Avoid these credit card mistakes

Credit rating blog

Posted 23 months ago by Pope & Co. Mortgages

Many of us have a love-hate relationship with our credit cards. On one hand, they are a useful invention that allows us to streamline our purchases, earn rewards, and shop online. On the other, they can be a high-interest debt trap when they get out of hand.

In June, New Zealanders had more than $7 billion owing on their credit cards. Balances were accruing interest at an average rate of more than 18 per cent.

Here are five credit card mistakes you need to stop making.

Not paying your balance in full

It may sound obvious, but not completely clearing what you owe each month is one of the most expensive mistakes you can make. Unfortunately, it’s also very common.

Not only does this mean that you pay high rates of interest—often about 20 per cent—but it negates lots of the benefits of having a credit card in the first place. If you don’t completely pay off your balance, you will be charged interest from the outset on every new purchase you make, no interest-free period allowed.

Justifying spending because you get rewards

Many cards have rewards schemes that offer you everything from cashback to discounts on holidays, merchandise and gift vouchers. But it’s important not to get distracted; sometimes these cards have a higher annual fee and don’t offer rewards big enough to recover that cost.

Make sure you only sign up for a rewards scheme if the annual fee is comparable to the cost of a non-rewards card, or you use your card a lot. Consumer NZ estimates you need to spend at least $12,500 a year on your credit card to make most rewards schemes pay. Then, only purchase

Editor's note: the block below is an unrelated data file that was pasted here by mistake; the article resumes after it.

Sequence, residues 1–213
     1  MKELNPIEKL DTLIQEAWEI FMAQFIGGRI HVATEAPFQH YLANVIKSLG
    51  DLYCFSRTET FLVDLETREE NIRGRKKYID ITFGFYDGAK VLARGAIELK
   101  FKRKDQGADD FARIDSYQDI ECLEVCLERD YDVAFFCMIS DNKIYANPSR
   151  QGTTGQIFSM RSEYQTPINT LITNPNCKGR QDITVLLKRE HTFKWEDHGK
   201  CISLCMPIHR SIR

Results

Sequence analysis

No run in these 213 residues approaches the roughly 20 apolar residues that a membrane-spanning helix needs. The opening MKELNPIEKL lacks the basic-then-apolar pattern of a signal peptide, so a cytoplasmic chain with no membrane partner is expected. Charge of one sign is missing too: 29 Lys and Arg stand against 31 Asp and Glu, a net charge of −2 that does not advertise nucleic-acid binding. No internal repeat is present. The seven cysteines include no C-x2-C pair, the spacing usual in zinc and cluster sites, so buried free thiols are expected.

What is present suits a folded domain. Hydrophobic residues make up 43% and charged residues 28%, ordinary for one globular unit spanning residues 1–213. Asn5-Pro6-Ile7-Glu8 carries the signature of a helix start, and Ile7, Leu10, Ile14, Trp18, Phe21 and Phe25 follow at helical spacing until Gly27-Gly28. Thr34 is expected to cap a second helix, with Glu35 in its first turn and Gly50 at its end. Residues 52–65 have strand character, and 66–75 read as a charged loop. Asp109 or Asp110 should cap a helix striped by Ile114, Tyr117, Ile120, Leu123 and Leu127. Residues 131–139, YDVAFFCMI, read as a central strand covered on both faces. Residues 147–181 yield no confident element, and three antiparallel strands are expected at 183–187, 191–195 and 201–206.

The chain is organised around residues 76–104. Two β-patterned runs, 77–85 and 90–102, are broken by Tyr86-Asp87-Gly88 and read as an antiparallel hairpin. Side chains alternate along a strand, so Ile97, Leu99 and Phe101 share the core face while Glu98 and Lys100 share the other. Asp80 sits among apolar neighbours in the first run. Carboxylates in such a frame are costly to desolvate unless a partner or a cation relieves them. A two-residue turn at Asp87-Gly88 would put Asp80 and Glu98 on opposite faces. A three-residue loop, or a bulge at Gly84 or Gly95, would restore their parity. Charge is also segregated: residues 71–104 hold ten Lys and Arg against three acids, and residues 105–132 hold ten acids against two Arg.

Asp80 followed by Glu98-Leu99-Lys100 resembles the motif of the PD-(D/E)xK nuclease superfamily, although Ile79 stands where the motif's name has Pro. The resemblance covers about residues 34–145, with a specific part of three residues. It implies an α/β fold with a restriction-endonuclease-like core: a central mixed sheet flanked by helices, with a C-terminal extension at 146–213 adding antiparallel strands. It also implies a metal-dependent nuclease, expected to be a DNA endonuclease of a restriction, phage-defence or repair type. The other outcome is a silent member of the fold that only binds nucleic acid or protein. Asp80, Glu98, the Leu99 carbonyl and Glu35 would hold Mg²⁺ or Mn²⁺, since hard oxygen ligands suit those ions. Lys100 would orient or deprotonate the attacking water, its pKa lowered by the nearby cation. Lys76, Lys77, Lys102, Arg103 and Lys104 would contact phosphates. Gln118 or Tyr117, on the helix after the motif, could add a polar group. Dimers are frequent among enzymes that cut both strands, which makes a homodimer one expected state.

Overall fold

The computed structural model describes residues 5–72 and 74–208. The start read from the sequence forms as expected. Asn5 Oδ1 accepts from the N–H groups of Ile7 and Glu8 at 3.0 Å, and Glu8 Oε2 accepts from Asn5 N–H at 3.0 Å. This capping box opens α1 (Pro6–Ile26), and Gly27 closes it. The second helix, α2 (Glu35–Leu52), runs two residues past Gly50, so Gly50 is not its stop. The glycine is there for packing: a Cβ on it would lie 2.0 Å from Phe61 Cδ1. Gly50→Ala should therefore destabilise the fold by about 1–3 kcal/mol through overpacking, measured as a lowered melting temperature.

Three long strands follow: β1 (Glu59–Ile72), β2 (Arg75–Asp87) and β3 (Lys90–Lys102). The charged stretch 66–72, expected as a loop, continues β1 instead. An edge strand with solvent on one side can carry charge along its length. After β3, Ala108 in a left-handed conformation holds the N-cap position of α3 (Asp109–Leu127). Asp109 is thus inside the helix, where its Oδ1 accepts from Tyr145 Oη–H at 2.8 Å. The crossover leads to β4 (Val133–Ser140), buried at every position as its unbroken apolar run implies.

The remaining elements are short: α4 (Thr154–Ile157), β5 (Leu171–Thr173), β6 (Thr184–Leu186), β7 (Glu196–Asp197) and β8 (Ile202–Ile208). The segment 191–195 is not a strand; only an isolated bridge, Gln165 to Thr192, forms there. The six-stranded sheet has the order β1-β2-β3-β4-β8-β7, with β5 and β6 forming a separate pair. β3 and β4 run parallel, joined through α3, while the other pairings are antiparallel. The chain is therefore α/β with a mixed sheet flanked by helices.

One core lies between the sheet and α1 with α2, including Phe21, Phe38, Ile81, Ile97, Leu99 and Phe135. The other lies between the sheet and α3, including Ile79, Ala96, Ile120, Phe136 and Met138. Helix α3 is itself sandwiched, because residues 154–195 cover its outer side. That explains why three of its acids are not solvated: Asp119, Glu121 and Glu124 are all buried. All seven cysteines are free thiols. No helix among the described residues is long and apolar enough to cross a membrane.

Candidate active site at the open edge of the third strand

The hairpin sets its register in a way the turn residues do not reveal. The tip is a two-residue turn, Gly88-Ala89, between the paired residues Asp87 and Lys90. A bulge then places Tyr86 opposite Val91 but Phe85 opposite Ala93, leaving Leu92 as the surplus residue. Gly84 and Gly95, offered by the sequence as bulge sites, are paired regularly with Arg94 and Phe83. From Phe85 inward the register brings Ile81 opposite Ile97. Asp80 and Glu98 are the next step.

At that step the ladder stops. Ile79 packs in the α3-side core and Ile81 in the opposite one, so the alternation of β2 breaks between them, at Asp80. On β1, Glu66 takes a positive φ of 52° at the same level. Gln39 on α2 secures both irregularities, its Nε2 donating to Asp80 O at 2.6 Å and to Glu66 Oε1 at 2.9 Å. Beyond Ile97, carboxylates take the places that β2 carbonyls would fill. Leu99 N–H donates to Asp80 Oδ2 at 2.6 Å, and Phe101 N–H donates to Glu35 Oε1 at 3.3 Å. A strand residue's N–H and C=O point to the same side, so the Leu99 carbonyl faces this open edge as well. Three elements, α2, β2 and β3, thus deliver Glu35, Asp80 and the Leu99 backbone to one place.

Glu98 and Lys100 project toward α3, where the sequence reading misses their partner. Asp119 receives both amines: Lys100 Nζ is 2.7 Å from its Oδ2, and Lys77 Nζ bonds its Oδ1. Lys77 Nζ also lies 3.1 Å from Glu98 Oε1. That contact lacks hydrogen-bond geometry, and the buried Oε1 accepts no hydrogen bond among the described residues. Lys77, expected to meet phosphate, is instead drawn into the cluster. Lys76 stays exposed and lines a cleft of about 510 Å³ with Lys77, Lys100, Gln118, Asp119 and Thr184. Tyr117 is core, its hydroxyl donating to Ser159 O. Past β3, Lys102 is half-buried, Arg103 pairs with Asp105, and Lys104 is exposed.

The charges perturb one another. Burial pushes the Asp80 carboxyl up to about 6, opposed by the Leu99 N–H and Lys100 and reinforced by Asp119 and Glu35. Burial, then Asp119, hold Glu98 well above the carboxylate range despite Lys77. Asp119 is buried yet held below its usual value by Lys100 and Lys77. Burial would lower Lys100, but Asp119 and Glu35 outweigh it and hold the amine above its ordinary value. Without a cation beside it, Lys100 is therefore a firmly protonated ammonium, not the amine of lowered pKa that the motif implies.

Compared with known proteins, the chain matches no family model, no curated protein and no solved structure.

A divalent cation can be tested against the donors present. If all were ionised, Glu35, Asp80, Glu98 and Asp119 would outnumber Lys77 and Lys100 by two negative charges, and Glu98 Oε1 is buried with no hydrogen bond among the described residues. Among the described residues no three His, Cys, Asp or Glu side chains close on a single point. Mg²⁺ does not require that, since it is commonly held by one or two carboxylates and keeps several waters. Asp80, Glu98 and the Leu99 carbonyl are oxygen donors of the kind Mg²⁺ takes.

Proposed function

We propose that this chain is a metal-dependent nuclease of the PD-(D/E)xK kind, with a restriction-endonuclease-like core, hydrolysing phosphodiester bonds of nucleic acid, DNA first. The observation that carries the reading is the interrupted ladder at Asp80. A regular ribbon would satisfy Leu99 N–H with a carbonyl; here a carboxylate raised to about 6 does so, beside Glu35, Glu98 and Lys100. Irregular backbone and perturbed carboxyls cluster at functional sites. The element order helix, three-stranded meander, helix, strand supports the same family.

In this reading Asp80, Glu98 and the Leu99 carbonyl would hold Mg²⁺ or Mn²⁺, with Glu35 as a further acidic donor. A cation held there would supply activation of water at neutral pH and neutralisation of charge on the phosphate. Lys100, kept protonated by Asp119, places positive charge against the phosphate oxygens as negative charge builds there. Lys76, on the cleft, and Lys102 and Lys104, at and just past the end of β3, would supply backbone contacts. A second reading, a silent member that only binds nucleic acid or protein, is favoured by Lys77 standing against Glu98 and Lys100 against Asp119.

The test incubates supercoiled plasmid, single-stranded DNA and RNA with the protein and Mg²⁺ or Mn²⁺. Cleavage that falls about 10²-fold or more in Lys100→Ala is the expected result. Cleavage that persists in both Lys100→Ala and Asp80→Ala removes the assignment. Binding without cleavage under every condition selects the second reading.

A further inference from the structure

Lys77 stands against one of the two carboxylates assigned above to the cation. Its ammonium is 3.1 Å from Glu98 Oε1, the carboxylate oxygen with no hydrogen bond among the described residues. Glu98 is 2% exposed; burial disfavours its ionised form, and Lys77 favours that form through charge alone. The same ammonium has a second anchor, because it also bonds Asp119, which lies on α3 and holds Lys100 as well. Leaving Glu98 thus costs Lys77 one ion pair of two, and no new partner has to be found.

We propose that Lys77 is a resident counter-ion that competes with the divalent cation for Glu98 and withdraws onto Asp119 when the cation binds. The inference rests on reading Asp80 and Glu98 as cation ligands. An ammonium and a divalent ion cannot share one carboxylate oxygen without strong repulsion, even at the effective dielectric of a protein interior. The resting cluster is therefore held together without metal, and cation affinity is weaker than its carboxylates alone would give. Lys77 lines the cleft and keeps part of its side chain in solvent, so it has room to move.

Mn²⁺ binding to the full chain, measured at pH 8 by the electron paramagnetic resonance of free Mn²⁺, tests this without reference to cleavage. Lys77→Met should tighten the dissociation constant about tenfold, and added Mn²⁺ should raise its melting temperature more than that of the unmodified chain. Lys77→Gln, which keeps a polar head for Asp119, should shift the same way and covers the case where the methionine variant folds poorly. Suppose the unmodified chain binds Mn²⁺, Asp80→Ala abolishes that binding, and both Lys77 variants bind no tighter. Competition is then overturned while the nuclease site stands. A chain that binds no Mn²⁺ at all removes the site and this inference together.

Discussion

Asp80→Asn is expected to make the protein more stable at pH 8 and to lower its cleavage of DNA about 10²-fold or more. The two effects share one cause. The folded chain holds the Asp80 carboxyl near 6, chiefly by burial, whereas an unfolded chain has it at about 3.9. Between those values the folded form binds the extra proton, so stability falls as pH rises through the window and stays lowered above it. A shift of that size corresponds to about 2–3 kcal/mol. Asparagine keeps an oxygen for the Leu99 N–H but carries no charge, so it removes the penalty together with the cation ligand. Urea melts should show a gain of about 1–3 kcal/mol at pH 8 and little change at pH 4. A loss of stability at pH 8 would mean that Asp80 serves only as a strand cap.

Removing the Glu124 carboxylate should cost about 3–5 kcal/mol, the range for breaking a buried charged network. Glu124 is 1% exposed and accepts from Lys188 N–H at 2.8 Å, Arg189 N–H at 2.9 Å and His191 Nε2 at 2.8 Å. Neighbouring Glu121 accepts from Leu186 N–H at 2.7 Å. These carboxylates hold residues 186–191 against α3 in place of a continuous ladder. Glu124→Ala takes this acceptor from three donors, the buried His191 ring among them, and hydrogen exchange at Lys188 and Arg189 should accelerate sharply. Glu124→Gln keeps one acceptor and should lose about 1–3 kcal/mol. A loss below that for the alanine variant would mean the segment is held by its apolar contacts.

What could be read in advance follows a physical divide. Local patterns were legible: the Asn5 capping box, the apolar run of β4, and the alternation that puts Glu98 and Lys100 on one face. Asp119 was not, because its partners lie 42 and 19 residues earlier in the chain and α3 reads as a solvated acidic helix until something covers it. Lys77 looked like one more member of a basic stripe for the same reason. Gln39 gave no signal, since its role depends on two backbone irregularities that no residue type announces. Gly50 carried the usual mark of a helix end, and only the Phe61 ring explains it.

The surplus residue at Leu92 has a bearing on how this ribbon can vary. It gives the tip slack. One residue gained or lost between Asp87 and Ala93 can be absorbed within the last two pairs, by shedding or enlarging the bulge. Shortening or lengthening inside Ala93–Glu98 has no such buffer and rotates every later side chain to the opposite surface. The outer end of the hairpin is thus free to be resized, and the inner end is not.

things that you were going to buy anyway—there’s no rewards scheme so generous that the reward makes an unnecessary purchase ‘worth it’.

Not managing your balance transfer well

If you are carrying a credit card balance, transferring that balance to a zero-interest deal can help you get rid of it. But when you’ve done that, don’t make the mistake of then spending more on your newly-clear original credit card.

Saving your credit card details

Many online shopping sites and apps offer the option of saving your details for future purchases. That means the next time you shop you don’t have to go and hunt for your card to fill them in again. It seems like a convenient option but it can backfire, making it a little too easy to spend money without thinking about it.

Not monitoring your statements

It’s a good idea to check your statements at least monthly to ensure that the purchases being processed are what you would expect to see. If you spot something that’s been processed incorrectly, you can query it with the retailer or your bank.

We are here to help

Get in touch with us. As financial advisers, we can help you devise a budget that fits your circumstances and keeps you away from expensive credit card debt.

Disclaimer: Please note that the content provided in this article is intended as an overview and as general information only. While care is taken to ensure accuracy and reliability, the information provided is subject to continuous change and may not reflect current development or address your situation. Before making any decisions based on the information provided in this article, please use your discretion and seek independent guidance.

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